Signs, Symptoms and Awareness of FCS with Dr Richard Dunbar
MAY 21, 2017
Dr Richard Dunbar
At the 2017 National Lipid Association Sessions in Philadelphia, Dr Richard Dunbar of the University of Pennsylvania sat down with RDR to discuss the signs and symptoms of familial chylomicronemia syndrome, as well as steps that are being taken to raise awareness of it.
RDR: What are some symptoms of FCS that would lead a patient to a physician?
Dunbar: So, FCS – familial chlyomicronemia syndrome – is usually something that presents when people are kids. Often, it's little kids or adolescents that may present with a long series of episodes of abdominal pain. So one of the difficulties is that this is often misdiagnosed and patients may not be diagnosed until much later in life, in fact, and so often, these patients will have other diagnoses that may or may not be correct, and many of them are quite frustrated by the time that they actually do get a diagnosis.
There are also some other manifestations that people sometimes get; they might get a skin condition where they have, essentially, red spots on various parts of the body that often dermatologists end up discovering the diagnosis. And sometimes, there's some other more difficult symptoms to diagnose. If an eye exam is done, there are sometimes some findings that an ophthalmologist may be aware of, but the difficulty with this is its symptoms that are sometimes hard to recognize, and it's more the pattern of the symptoms more than the symptoms themselves that are the tip-off.
Because we often aren't doing triglyceride levels or any kind of lipid levels in children, it's often not found by the typical lab findings either.
RDR: What is the most effective treatment for FCS patients?
Dunbar: So among the treatments, frustratingly, diet is the most effective treatment, and it turns out that most of our medications don't work very well at all. For that reason, a lot of people really may not be well-equipped to guide someone through how difficult this diet is. It's a very low-fat diet and the other thing that's tricky about that is for many conditions that cause triglycerides to be elevated, the type of diet that would work would be a low carb diet.
These patients are different, so a low carb diet could actually make them worse. So for people with true FCS, it's really all about the fat, and so they need to be counseled to have a very low-fat diet. So for example, they would like to have less than 15% of their calories come from fat, and the unfortunate thing is that's a very hard diet to keep up with long term, because it's a very unpalatable diet; many people find that that kind of diet just doesn't taste good. It's just so difficult for patients to do this. As a result of this, it really helps if you can see a physician's office who has a nutritionist, who is well-versed in this and can give them creative ideas to comply with the diet, because at this moment, we don't have a whole lot besides the diet.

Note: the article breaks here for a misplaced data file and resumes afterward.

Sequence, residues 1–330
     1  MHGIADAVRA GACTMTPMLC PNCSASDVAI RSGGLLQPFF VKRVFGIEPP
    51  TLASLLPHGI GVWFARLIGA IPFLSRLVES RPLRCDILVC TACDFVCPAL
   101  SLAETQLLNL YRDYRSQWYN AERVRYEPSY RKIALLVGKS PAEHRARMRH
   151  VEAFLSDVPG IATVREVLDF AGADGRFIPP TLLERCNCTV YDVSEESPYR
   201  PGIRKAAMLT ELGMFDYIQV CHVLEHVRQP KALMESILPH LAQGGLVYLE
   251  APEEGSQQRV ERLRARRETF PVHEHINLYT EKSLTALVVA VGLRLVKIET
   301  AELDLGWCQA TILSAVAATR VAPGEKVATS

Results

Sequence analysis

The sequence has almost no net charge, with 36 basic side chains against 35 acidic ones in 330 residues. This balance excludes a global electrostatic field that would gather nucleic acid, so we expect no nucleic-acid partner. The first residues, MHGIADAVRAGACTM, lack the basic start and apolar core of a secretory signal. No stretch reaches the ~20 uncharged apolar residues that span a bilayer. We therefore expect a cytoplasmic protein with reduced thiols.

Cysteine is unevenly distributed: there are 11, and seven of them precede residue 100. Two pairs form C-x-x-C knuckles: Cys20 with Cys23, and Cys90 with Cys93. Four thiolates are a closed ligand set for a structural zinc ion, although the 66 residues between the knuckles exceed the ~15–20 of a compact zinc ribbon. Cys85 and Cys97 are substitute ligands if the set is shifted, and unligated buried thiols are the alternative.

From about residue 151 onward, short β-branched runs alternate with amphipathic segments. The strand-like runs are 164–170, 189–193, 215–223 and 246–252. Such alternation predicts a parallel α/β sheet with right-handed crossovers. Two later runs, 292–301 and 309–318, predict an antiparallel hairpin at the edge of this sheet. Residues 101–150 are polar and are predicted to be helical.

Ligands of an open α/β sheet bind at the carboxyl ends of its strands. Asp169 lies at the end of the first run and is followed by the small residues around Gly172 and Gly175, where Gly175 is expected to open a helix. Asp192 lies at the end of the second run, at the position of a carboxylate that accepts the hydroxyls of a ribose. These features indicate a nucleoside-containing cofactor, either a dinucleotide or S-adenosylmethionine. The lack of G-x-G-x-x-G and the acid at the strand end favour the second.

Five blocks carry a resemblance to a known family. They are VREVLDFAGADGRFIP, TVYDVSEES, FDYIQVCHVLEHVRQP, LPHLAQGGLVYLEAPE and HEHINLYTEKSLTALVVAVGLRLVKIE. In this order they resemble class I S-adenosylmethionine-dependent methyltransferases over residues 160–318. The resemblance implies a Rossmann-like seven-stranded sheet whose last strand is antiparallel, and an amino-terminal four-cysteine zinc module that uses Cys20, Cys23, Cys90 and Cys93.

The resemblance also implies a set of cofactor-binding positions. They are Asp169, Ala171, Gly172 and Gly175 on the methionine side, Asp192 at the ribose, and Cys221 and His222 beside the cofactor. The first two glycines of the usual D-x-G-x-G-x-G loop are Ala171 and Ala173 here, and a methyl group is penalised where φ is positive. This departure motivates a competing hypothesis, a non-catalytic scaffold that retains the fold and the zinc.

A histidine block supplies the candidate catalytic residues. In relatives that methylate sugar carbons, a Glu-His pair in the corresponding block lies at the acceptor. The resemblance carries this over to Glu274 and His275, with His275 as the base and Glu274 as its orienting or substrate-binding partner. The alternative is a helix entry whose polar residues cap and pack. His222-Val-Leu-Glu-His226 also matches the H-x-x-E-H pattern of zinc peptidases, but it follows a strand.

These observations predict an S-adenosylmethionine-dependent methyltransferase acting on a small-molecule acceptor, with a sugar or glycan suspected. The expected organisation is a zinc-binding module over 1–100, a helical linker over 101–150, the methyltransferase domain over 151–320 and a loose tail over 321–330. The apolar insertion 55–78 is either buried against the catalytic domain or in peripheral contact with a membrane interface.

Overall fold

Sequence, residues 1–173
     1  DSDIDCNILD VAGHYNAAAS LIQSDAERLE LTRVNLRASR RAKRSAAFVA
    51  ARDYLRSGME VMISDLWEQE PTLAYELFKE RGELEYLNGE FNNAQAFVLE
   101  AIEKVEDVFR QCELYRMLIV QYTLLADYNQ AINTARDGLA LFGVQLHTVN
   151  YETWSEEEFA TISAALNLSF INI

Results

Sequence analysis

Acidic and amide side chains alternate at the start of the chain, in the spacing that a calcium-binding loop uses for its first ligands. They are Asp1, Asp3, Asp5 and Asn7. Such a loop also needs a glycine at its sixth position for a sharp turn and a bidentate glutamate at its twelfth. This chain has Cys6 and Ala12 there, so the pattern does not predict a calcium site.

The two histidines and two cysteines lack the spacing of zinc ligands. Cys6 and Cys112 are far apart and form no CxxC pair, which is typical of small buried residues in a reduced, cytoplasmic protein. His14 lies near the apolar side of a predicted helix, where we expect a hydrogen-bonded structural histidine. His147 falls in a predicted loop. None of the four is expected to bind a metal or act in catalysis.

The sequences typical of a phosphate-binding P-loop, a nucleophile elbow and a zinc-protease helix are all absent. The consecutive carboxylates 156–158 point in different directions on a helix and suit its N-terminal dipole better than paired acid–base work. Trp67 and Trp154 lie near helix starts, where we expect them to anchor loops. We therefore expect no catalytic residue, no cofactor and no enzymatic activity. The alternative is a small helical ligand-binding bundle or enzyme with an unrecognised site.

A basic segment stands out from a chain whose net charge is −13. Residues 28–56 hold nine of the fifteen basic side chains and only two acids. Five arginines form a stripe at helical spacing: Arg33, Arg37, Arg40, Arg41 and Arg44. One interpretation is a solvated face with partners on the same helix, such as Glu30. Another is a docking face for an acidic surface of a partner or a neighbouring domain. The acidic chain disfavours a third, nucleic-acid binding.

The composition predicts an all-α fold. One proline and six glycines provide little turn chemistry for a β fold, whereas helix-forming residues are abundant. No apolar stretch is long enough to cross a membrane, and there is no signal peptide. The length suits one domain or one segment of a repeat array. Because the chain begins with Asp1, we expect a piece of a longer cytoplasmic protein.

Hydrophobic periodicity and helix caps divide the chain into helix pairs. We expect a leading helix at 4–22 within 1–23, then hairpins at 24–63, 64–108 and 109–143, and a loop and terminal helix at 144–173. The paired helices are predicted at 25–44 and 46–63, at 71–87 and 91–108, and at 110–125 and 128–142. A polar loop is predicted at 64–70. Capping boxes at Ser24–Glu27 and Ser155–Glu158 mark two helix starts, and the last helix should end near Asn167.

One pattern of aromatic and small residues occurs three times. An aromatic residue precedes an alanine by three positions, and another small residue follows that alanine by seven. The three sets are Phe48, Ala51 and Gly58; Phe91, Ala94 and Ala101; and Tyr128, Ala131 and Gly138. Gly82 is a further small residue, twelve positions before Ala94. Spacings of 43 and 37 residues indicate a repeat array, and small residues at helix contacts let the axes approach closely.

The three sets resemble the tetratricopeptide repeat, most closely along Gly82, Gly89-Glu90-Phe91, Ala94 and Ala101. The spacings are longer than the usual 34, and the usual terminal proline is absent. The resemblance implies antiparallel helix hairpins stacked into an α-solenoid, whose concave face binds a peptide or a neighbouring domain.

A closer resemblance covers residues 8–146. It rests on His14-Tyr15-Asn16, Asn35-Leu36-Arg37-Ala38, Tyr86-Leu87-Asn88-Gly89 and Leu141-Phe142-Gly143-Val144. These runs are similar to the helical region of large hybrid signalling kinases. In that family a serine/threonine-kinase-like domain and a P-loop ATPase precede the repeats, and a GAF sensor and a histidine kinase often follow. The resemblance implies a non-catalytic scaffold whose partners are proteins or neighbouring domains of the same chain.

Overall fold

RDR: Why should an FCS patient consider a physician or caregiver referral?
Dunbar: It may help to refer to someone who has experience in managing these patients. The other reason to consider referrals is for a slightly different reason: referral centers may be more involved in research that's going on in this area and they may have more access to emerging therapies. So right now, we're in a great position because there are many companies who are developing drugs that will treat this.
Another potential fringe benefit of referral is that the patient might land in an office where they're working with one of the new options and that may give a patient access to novel therapies sooner than they would otherwise get.
RDR: What is being done to raise awareness of FCS?
Dunbar: So there are foundations and patient-support groups that are being put together right now. If you google ‘FCS foundation’ you may find one of those groups. There are also websites that are oriented toward people with rare diseases and they're starting to list FCS. I know that there's talk about developing international registry that could hopefully help us to learn more about the disease. But one thing that patients find very helpful is talking to other patients who have the disease because they have another person that they can compare notes with, another person who can sort of share their emotional burden with, who really understands what they're going through.
This is really critical for patients. I think it gives patients a lot of hope that they can connect with someone who knows really what they're experiencing, and I think that that's a really valuable experience. I'm really glad to see that people are seriously talking about providing resources to make this happen.